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Tuesday, 30 March 2010

Government Efficiency

Last week on Thursday I had a delivery service pick up my old passport (along with a pic, a completed form, and a money order payment) and deliver it to the American Embassy in Seoul. Today, Tuesday, I received my new passport, returned to me at work by the same delivery service. Wow! 4-5 days, though two of those were Sat/Sun.

I am very impressed and already sent them a "thank you" email.

Now I'm set for another 10 years:)

The Stone Balls


If the link doesn't work, go to the BBC website and search for "the stone spheres of Costa Rica".

Sunday, 28 March 2010

Health Care

Republican or Democrat . . . doesn't matter a lot to me at the moment (aside from the fact that we're essentially limited to two political parties).

What does matter is extending health care to all of the people who live in the U.S. The Democratic plan doesn't go far enough, but it's better than the Republicans', which doesn't seem to exist.

You would think that after 200+ years we could manage to get a basic necessity like this done right.

And cost? Give me a break. If we were not so busy fighting wars we could pay for health care several times over.

I live in a country--South Korea--that, in some ways, is much less progressed than the U.S. Yet I have affordable health insurance.

America's politicians seem to be so caught up in other issues that they cannot address the ones that are most important. That's a shame.

Monday, 22 March 2010

As if to Emphasize My Last Post . . .

. . . Mother nature decided that we were due for yet another round of snow today. It's wet and mushy, but it is white and cold.

Sunday, 21 March 2010

March Is Not Spring in Korea

Here in the greater-Seoul area, we have gotten snow twice in the last two weeks, and though only a dusting, it is a reminder that winter is truly not over. Temps continue to remain in the single digits (Celsius--I guess that's 30's and 40's for you backwards folks).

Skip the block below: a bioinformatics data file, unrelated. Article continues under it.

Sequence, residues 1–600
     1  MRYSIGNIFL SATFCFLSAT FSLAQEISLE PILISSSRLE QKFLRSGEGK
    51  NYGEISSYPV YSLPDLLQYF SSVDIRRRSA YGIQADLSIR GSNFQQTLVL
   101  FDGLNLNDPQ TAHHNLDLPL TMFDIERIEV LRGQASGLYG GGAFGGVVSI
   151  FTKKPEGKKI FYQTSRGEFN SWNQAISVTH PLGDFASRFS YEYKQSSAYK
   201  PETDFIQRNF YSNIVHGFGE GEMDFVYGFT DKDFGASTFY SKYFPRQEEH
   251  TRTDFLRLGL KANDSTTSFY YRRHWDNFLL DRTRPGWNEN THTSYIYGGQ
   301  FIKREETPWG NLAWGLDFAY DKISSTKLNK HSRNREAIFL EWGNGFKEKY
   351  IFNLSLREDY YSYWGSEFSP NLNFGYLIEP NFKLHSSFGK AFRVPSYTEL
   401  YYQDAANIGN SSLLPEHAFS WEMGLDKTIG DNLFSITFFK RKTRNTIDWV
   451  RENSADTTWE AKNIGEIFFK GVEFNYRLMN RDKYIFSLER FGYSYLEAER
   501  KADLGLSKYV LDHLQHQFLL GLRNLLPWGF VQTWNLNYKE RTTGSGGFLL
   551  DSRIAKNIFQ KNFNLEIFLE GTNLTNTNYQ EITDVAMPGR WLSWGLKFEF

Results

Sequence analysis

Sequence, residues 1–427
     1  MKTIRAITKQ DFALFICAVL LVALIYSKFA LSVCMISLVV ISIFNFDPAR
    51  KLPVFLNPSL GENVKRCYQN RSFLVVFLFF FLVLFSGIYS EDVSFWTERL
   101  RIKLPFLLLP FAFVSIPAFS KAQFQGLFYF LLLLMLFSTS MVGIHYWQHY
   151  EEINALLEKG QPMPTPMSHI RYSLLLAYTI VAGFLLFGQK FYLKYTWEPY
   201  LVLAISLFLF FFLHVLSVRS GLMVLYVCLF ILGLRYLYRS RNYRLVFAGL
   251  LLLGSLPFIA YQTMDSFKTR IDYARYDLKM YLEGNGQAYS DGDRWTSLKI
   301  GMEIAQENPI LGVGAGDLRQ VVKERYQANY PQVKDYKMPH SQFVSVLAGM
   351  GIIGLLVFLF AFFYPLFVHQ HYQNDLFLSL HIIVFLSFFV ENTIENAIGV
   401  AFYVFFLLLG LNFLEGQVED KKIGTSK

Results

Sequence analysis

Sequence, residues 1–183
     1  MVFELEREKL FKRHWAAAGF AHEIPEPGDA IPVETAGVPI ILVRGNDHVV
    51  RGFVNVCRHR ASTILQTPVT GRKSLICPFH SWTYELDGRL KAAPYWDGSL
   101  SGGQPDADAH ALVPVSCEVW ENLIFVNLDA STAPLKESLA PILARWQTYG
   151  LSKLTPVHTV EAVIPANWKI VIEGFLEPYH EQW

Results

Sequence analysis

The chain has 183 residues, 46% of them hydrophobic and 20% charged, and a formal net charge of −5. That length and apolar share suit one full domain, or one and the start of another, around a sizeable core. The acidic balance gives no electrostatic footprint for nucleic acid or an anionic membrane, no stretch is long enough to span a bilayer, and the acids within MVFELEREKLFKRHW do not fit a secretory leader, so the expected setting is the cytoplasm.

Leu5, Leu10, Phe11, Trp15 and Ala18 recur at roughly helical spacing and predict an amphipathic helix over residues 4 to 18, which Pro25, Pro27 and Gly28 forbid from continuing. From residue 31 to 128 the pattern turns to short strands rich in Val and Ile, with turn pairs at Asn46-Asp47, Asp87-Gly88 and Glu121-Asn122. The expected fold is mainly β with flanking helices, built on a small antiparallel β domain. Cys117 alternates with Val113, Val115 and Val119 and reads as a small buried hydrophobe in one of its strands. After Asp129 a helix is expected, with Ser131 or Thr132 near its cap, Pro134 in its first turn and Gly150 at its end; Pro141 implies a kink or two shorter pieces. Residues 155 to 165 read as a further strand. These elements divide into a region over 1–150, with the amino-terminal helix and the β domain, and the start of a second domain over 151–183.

Sigh. I had just bought a bicycle last fall before it turned cold, and I am enough of a wimp that I stopped riding it once the early mornings froze--that's really the only time I can enjoy exercising. So I am excited for it to warm up a bit, though, like most here, I do not look forward to the long hot summer.

And summer in Korea it shall be, as I recently made a decision to stay here for a while longer, at least until November. A good job--one that I am continuing to learn from (always important!)--plus health care, something unfortunately not promised in America (damn the politicians, they have medical themselves), makes a lot of difference.

A new computer is on the horizon (this one is 4+ years old), and I want to engage myself in some other pursuits. I'll write about those once I figure them out:)

Sunday, 7 March 2010

Today Is . . .

Today is Sunday, literally Sun Day, named after the sun.

And guess what tomorrow is--you got it: Moon Day (Monday).

Saturday is named after the planet Saturn.

The other days are named after old Norse (Norwegian) gods . . .

And how about this? Did you know July is named after one of the old leaders of the Roman empire? (Julius Caesar).

So was August (Augustus).

September-December are simply counting names(7-8-9-10; the Roman calendar began in March), but the other months (except for Feb.) are named after pagan gods, such as January, Janus, the god of beginnings/endings, the two-faced god (looking backwards and forwards).

With so many of us belonging to the Christian faith, it seems funny/ironic that we are adhering to pagan names for our schedules, yet I like the ties to our history . . .

Saturday, 6 March 2010

A New School Year

Last week, the beginning of March, also marked the beginning of the new school year in Korea.

I have lots of new classes, students, and textbooks.

Kind of a crazy time with so many changes.

A lot of it is very positive, as a few of my good classes I got to keep, and a few of my good students carried over into my new classes.

Some of the changes are still sorting themselves out, as the students are excited/out of sorts from the shift in their routines . . . a new school year means not only new classes at our English academy but also--of course--at the students' public schools, and at other academies that they might be attending (math, music, Chinese, etc.)

Spring is coming, and it seems the right time for change. Rebirth, renewal, and growth, right?

One of my co-teachers said she wished it were a month from now, when things are all (hopefully) settled, and in a way I do too, yet, except for the stress, I like some of this newness, especially the energy surrounding it.